Colour in Design Awards 2022 winner

Karen Haller 01
Karen Haller
colour in design awards 2022 winner 1

New Designers is the premier exhibition where graduating UK design students have the opportunity to showcase their creativity, ingenuity and their vision for the future of design.

It’s where major companies, brands and designers come to seek out emerging talent and it’s also home of the Colour in Design Awards (CIDA).

The Colour in Design Awards is open to all categories including textiles, fashion, costume design, jewellery, metalwork, craft, ceramics, glasswork, furniture design, product design, motion graphics, industrial design, animation, graphic design, illustration, digital art and more.

This is the third time I’ve be asked to judge for this prestigious award. I happened to be on holidays in Sweden and there was no way I was going to miss this, so I flew back to London and yes, I got caught up in the airline strike going back, which just meant I got to spend a few days at home in my garden.

The past two years we judged online (because of you know what), so it was such a treat this year to be able to chat in person with the graduating students, listen to their story, their vision for their work and sense their passion.

My fellow judges and I had the daunting task of picking a winner and three runners up from the incredibly talented graduate students from colleges and universities across the UK.

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New Designers 22 | Business Design Centre, Islington, London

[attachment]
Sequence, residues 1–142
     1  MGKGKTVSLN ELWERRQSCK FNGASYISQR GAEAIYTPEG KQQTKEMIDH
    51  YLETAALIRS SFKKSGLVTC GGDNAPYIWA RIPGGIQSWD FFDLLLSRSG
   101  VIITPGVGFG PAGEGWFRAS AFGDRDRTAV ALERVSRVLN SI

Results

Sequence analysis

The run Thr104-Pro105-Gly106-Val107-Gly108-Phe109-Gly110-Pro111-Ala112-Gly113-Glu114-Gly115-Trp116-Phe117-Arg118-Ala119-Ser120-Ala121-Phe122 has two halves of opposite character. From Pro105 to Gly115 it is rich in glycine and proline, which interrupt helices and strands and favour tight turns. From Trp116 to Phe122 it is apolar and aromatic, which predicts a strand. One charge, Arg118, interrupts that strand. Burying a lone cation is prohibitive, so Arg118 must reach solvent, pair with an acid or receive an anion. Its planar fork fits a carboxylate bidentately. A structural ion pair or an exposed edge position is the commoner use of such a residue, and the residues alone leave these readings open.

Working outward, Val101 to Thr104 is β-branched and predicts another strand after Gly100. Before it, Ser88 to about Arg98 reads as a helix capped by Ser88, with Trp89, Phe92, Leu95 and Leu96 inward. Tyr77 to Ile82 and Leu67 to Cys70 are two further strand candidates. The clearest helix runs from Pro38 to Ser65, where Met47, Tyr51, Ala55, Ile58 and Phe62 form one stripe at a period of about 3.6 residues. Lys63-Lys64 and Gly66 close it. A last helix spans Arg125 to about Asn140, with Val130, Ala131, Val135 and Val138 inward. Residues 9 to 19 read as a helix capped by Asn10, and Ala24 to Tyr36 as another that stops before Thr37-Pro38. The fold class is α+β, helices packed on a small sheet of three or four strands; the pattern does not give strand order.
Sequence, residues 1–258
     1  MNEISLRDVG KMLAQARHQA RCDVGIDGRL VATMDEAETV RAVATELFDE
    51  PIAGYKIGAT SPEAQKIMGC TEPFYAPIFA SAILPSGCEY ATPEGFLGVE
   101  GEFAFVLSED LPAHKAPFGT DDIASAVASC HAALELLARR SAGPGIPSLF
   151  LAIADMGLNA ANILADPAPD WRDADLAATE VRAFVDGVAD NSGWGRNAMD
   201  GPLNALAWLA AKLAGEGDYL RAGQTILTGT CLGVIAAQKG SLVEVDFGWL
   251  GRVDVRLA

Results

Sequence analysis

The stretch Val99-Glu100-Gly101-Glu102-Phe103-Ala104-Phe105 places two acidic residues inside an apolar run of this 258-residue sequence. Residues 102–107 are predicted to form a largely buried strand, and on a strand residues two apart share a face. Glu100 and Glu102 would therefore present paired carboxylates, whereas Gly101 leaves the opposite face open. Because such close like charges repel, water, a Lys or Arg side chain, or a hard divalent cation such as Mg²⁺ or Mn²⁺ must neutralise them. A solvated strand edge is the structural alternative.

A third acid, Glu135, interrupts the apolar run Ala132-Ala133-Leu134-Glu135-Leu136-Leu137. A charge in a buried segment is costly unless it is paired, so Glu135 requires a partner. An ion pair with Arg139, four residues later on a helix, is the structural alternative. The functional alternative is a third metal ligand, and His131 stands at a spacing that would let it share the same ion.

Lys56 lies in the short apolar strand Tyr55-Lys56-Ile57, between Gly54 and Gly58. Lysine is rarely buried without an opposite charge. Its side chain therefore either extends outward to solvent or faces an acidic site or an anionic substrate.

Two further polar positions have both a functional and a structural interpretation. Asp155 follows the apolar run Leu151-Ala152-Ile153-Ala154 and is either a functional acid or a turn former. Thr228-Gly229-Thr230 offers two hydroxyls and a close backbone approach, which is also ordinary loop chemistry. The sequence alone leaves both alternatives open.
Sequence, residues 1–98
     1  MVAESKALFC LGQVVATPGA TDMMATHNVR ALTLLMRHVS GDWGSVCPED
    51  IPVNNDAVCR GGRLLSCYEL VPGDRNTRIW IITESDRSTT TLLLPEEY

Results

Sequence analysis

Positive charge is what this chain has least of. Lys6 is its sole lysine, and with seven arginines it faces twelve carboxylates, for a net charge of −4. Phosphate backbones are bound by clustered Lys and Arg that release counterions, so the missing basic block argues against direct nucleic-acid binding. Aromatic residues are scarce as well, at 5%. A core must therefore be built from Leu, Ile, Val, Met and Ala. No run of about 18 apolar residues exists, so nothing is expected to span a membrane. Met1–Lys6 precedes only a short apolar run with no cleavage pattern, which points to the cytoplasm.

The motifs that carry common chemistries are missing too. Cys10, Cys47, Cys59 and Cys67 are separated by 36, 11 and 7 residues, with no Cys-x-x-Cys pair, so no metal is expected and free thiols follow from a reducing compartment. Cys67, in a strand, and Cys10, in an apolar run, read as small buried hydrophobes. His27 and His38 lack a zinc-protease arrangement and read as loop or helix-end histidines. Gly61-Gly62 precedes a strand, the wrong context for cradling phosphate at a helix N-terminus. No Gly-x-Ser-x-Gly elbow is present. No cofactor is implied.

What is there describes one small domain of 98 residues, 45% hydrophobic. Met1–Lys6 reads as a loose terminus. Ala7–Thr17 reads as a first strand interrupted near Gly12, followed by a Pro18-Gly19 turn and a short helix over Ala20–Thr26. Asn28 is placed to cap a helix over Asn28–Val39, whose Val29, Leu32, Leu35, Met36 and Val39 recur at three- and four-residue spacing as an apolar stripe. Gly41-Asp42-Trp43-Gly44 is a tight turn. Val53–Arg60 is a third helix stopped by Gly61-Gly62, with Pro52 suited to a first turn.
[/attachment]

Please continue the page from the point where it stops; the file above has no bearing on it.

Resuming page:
After walking around, seeing what caught our eye, chatting to the students, the judges reconvened to discuss who stood out, where we unanimously agreed Tom Hancock was the winner.

Meet the Winner, Colour in Design Awards 2022 – Tom Hancock

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Colour in Design Award 2022 winner – Tom J Hancock, Hereford College of Arts, BA Hons in Contemporary Design Crafts

What stood out to me and my fellow judges was the level of craftmanship and his attention to detail through every step of his process whilst combining many disciplines and techniques. It was just superb.

We also loved that he considered colour at the beginning of the process, not as an afterthought at the end. Tom clearly has drive, determination and the passion to keep striving forward. And we could see he is a man of integrity, thoughtful and a genuinely nice person. Tom is going places.

As CIDA founder, Marianne Shillingford, said “Tom is a great communicator with an authentic voice. He is passionate, driven and determined to make his craft a source of future success. His work stood out for its level of craftmanship, elegant shapes and layers of beautiful considered colour.”

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Colour in Design Award 2022 winner | Tom Hancock

I was lucky enough to catch up with Tom before he headed off on a well earnt holiday (check out Tom’s reply to my last question) to ask him about his designs and vision for the future, what it means to win an award and any advice he would give to anyone thinking of entering the CIDA.

Karen: What’s your design vision, your mission, the direction where you see your work going? I asked Tom to dream big here, don’t hold back.